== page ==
Apr 17, 2024 - News

Mapped: Where to wolves are located in Colorado

Where wolves are located in the wild in Colorado as of March 25, 2024. Map courtesy of Colorado Parks and Wildlife

Where wolves are located in the wild in Colorado as of March 25. Map: Courtesy of Colorado Parks and Wildlife

Wild gray wolves in Colorado are becoming a public attraction, but not all officials see the wildlife as a tourism magnet.

Why it matters: The controversial reintroduction in December— approved by voters in the 2020 election — is clouding how the state views wolves and whether they become a draw for visitors like the packs in Yellowstone National Park.

The big picture: Wildlife officials believe 12 wolves are roaming Colorado, the 10 released in Grand and Summit counties in December by the state and two others that crossed the border from Wyoming.

The intrigue: An updated map, published by Colorado Parks and Wildlife, only shows their territory by watershed, rather than pinpointing their exact locations.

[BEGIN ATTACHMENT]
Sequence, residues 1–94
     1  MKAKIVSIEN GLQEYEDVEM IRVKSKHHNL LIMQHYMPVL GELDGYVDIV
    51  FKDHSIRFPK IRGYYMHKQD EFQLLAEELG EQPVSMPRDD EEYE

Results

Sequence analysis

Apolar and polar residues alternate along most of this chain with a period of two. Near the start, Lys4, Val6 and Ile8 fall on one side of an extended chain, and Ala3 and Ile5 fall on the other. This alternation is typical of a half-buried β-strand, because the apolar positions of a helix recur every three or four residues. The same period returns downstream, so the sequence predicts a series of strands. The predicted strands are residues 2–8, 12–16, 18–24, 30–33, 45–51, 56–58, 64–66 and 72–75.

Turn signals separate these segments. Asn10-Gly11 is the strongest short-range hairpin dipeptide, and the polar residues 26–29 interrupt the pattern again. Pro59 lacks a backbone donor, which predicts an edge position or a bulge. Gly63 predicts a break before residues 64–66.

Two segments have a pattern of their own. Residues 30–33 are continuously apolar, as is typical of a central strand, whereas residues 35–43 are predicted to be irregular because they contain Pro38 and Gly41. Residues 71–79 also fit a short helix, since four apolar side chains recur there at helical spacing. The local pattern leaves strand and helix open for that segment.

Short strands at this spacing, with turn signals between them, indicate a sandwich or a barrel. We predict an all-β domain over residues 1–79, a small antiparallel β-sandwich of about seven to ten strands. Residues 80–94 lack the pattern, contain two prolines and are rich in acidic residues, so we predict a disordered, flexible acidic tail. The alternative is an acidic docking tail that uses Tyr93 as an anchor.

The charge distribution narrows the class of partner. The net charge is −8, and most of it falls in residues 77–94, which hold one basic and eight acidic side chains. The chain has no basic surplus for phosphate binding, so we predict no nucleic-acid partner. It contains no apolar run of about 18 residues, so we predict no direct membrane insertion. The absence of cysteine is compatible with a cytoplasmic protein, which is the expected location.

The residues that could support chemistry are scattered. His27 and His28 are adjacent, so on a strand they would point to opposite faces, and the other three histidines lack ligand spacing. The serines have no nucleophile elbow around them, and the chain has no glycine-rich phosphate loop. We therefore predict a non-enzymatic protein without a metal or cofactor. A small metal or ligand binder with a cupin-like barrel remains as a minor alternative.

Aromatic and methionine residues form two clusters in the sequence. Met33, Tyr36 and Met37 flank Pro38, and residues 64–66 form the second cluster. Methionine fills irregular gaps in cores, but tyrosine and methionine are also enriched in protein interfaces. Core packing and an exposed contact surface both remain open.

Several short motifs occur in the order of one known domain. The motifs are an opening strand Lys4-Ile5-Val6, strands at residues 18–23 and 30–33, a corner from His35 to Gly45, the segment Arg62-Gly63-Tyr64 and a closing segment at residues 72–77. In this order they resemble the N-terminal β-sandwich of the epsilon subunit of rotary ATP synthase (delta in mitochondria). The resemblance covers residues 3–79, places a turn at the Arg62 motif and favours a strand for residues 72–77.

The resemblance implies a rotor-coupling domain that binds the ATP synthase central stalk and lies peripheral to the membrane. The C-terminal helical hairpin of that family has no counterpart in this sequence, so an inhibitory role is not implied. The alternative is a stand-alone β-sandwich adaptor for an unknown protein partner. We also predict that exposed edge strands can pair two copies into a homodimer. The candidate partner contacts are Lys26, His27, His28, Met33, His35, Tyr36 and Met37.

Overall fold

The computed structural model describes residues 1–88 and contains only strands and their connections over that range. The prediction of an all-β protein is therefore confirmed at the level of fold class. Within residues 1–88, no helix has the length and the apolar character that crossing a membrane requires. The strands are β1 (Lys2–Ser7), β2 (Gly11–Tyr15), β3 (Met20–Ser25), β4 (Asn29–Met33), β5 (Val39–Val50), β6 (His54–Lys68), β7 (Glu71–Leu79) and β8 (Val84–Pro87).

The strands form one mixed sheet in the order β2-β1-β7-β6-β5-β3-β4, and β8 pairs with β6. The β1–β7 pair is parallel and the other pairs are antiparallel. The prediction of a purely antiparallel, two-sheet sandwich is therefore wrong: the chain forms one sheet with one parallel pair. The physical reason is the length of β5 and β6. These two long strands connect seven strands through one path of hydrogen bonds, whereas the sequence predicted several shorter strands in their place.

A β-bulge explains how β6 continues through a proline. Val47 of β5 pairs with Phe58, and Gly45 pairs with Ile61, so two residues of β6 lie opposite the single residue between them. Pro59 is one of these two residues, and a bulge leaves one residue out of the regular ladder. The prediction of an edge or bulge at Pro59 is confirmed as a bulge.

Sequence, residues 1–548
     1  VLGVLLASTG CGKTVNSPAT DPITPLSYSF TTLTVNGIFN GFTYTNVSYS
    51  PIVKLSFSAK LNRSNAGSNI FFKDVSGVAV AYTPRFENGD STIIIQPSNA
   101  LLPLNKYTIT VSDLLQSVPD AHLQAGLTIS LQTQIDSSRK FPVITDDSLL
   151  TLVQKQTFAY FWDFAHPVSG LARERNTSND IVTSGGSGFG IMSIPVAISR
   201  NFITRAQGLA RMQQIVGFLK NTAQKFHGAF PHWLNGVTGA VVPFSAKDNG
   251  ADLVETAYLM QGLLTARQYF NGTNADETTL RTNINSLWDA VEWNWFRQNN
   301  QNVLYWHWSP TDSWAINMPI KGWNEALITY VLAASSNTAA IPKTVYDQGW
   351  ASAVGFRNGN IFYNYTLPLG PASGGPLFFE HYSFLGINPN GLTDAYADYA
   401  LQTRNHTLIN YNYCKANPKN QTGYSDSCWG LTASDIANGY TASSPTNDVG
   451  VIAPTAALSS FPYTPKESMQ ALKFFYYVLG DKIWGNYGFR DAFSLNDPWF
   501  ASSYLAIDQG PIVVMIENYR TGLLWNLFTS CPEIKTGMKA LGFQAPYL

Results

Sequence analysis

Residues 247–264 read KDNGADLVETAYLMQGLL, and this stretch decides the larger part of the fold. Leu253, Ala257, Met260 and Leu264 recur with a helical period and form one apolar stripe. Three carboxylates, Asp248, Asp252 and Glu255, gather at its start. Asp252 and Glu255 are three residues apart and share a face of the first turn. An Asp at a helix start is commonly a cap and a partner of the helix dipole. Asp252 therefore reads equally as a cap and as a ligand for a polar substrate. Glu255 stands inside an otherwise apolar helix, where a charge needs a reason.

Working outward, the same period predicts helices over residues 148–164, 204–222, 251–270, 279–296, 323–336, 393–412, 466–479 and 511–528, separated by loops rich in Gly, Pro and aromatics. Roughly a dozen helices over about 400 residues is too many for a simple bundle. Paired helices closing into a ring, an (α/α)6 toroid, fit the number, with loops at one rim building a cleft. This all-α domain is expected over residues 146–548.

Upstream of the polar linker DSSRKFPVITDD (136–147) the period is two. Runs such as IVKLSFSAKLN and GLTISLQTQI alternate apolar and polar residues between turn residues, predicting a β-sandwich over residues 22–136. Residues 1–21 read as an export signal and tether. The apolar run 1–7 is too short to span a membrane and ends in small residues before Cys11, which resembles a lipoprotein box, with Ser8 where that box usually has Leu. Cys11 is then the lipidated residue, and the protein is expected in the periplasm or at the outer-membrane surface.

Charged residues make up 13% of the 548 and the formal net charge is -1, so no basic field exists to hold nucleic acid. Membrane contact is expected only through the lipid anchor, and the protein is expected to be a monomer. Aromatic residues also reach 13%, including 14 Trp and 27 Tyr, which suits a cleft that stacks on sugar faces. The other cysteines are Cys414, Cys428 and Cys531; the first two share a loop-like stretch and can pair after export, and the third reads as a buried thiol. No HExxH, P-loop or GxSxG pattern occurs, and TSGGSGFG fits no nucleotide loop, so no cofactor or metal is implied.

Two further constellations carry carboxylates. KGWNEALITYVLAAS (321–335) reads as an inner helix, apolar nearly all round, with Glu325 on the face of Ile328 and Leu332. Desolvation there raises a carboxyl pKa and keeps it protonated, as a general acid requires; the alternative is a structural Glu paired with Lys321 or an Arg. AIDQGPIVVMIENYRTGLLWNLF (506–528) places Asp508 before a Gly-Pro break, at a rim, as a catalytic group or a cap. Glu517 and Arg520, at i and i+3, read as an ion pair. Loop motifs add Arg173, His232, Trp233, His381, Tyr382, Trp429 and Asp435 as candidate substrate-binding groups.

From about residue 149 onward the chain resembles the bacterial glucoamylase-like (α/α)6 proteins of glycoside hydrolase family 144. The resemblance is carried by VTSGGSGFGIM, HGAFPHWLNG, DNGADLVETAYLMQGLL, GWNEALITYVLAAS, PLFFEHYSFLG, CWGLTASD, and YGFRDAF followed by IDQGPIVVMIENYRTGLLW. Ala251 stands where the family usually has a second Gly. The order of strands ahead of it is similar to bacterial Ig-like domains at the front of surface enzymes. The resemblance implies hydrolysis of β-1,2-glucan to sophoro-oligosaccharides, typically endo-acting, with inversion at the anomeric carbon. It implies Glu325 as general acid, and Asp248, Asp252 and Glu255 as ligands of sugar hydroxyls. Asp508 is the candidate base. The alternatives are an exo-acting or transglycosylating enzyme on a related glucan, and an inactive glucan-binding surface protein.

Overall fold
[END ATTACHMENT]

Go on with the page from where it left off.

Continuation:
• But a pack of four wolves is located in the North Park territory in Jackson County, according to officials, who reported a livestock attack earlier this month.

What they're saying: Nathan Varley, who runs Yellowstone Wolf Tracker, a tourism business in Montana, sees potential for wolf watching after their release on public lands.

  • "I think wolves will be an attraction in Colorado. …They're just kind of this extra quality of the wild landscape that you have. It's like, 'Oh, we could see a wolf. We could hear one howling at our campsite,'" he told KUNC public radio.

State of play: A wolf spotted on a road near Kremmling in February drew a flood of traffic to the area, officials said, and online posts tracking them are drawing huge interest.

  • Interest is expected to peak this month as officials learn whether the wolves built a den and mated.

The other side: Tourism officials in Glenwood Springs and Vail are dismissive of the idea that wolves are a new avenue to draw visitors. Right now the attention is on wolves as predators who may scare hikers from nearby trails, much like mountain lion sightings, and kill livestock on nearby ranches and public lands.

  • "I think that it may be a detriment in some ways," Glenwood's tourism director Lisa Langer told KUNC.
  • "We've seen zero discussion or impact or momentum or anything in regards to tourism, Chris Romer, president of the Vail Valley Partnership added.
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